celebrate-picture-books-picture-book-review-anything-but-pink-starri's parents

Image and text copyright Adelina Winfield, courtesy of Adelina Winfield

If you have ever been a little girl, had a little girl, or even just known a little girl, Adelina Winfield’s Anything But Pink will resonate and make you smile. Despite parent’s preferences, protestations, and prohibitions, pink creeps then gallops into girls’ lives in a million different ways. Winfield’s repetition of a rainbow of colors and the fervently hopeful “Nope, no pink at all. Not one thing” makes her story all the funnier as adults surely know what’s coming and young readers will cheer when Pink finally makes its appearance. I laughed out loud when I turned to the pages after Starri embraces pink as it took me back to when my own daughter, who having earlier rejected pink for green, suddenly wanted a pink room, pink lamp, pink clothes, and even wall stickers exactly like the colorful circles that dot Winfield’s endpapers.

There is a joyous quality to Winfield’s stylish illustrations as Starri’s parents prepare for their baby amid vibrant images that express the dreams they share for their child. When adorable, curly-haired Starri comes along, she happily wears what her parents give her until the moment when she asserts her independence and with personality and flair enters the monochromatic world of pink. The story is infused with a sweet tone shown in the loving relationship between Starri’s parents as they stand close together, walk with their arms around each other, and even have priceless matching expressions the first time the dreaded P word is uttered. Their relationship with Starri is likewise affectionate. When their daughter does discover pink, they support her, only later guiding her to consider a more global perspective.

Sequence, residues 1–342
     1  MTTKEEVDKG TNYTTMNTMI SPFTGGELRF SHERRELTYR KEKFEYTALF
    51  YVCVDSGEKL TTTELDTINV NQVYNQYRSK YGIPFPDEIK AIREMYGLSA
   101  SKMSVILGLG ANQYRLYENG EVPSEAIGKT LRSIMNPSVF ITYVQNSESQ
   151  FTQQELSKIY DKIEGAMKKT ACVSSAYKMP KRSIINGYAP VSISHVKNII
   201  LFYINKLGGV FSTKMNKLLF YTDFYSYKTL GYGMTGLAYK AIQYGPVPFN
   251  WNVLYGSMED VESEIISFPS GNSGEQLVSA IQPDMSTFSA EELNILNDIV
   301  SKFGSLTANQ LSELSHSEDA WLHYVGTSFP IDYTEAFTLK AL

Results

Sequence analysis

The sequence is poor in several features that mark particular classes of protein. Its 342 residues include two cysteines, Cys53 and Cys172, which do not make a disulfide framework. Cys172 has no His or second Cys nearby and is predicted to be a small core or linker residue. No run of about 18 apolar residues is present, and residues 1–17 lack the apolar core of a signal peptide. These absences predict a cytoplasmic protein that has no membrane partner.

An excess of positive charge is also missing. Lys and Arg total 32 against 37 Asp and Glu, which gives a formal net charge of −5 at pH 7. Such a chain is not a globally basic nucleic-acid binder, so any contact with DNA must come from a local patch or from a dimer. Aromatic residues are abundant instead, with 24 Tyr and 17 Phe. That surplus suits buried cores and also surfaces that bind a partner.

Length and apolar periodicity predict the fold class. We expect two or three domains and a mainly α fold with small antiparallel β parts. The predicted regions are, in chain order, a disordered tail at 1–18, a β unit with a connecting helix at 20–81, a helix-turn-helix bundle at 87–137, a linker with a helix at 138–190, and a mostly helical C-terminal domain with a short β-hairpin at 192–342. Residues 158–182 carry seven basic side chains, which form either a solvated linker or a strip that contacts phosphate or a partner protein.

Anything But Pink is a cute story for all lovers of the color pink and would make an appreciated baby shower or birthday gift and a much-asked-for story time or bedtime read.

Ages 3 – 8

CreateSpace Independent Publishing, 2016 | ISBN 978-1541103672

Anything But Pink is available on Amazon

You can follow Anything But Pink on Instagram

About Adelina Winfield

celebrate-picture-books-picture-book-review-Adelina-Winfield-picture